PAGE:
OK, if you get the admittedly much tougher follow-up question as to why you were let go (and the truth isn't exactly pretty), your best bet is to be honest (the job-seeking world is small, after all). But it doesn't have to be a deal-breaker. Share how you've grown and how you approach your job and life now as a result. If you can position the learning experience as an advantage for this next job, even better.
33. Where do you see yourself in five years As Glazier Contractor?
If asked this question, be honest and specific about your future goals, but consider this:
A hiring manager wants to know
☛ a) if you've set realistic expectations for your career,
☛ b) if you have ambition (a.k.a., this interview isn't the first time you're considering the question), and
☛ c) if the position aligns with your goals and growth. Your best bet is to think realistically about where this position could take you and answer along those lines. And if the position isn't necessarily a one-way ticket to your aspirations?
It's OK to say that you're not quite sure what the future holds, but that you see this experience playing an important role in helping you make that decision.
34. What are your personal skills which make you a candidate for the position As Glazier Contractor?
The list of crucial character traits includes patience, tact, and poise, with personal and cultural sensitivity. One needs the ability to work long hours, with much walking and some physical tasks. But the most important trait of all is to love people and to have the desire to care for them.
35. Why are you leaving the present company?
According to me we can not grow in the field without taking more responsibilities and risks and also we can't enhance our team leading capabilities, managerial skills without expose to wide range of people.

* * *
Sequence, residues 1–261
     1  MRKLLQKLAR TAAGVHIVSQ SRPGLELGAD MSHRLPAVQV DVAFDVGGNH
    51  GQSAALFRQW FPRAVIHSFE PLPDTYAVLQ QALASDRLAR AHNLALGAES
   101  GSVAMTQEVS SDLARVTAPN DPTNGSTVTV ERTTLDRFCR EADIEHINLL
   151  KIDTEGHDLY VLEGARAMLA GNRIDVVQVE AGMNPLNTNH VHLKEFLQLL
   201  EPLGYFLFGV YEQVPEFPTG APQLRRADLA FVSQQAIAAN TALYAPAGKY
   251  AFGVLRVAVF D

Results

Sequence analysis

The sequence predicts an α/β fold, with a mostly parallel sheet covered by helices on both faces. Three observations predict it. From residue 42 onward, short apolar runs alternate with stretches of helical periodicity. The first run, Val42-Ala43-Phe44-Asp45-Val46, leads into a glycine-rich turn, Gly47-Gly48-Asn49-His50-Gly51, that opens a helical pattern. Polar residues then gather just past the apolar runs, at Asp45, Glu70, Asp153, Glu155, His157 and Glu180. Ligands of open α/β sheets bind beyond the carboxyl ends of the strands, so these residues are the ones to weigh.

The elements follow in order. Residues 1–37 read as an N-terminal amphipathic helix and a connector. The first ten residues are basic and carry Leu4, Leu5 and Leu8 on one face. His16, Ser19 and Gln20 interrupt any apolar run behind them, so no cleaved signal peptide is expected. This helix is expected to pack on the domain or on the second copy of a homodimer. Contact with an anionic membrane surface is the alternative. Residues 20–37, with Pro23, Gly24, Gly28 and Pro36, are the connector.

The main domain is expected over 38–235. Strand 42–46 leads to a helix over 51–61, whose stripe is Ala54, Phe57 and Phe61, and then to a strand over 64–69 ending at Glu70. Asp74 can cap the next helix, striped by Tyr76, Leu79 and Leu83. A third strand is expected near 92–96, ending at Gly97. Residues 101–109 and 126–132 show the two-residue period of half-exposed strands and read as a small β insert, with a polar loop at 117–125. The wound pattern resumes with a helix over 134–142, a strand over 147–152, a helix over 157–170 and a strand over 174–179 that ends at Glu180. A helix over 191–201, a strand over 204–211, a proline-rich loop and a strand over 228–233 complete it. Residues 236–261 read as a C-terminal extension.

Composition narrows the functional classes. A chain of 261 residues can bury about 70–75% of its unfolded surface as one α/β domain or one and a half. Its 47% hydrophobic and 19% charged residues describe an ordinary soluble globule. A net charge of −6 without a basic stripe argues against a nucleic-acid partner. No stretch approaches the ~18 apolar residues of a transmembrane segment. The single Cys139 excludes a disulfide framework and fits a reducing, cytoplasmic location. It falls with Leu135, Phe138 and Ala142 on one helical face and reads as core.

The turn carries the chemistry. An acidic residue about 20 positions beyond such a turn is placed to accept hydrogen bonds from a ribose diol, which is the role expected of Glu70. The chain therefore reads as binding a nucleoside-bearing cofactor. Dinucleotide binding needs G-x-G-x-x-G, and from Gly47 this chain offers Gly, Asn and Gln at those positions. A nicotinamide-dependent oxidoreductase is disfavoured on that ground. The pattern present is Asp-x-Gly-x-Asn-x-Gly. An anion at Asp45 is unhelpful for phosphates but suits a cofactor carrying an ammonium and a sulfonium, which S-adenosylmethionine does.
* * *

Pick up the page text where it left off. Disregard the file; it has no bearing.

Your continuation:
36. Do you like being around people?
People skills are a necessity for medical assistants. When answering this question, be sure to show that you enjoy interacting and working with others and that you also derive great enjoyment from helping others. This will show that you are a team player and that you would be a valuable team member As Glazier Contractor.
37. Suppose there are three light switches outside a room. Inside is a single light bulb, controlled by one of the three switches. You need to determine which switch operates the bulb. You can turn the switches on and off as many times as you wish (they are all off to begin with), but may only enter the room once. There is no one there to help you. The door to the room is closed, and there are no windows, so you cannot see inside. How can you discover which switch operates the bulb?
Do the following steps:
☛ 1. Turn ON two switches, and leave one OFF.
☛ 2. Wait a few minutes.
☛ 3. Turn one switch from ON to OFF. One is now ON and two are OFF
☛ 4. Enter the room. - If the light is ON, it is controlled by the switch you left ON. - If the light bulb is OFF, touch it. If it is warm it is controlled by the switch you turned ON and OFF. If it is cold, it is controlled by the switch you never turned on.
38. How would you describe your approach to Glazier Contractor?
In more general terms, a question such as this gives a candidate the opportunity to talk about their professional philosophy and skills. While the question is general in nature, the best answers are usually quite specific, picking one or two points and exemplifying them with instances from personal history.
39. If you have seven white socks and nine black socks in a drawer, how many socks do you have to pull out blindly in order to ensure that you have a matching pair?
if the first one is one color (say, white), and the second one is the other color (black), then the third one, no matter what the color, will make a matching pair. (Sometimes you're not supposed to think that hard.)
40. Why do you feel you will excel at rhis job?
This question presents an excellent opportunity for you to discuss your education, qualifications and personal traits. You might say something like “I studied property management as well as behavior during my college years and I have two years' experience in real estate.
I can gauge the homes or apartments in which clients will be interested based solely upon the needs of their families. Finally, my organizational skills will allow me to schedule appointments or showings confidently and arrive for them punctually.” This shows your interviewer that you have all of the skills necessary to become successful not only for yourself, but also for your employer.
41. What is your greatest failure As Glazier Contractor, and what did you learn from it?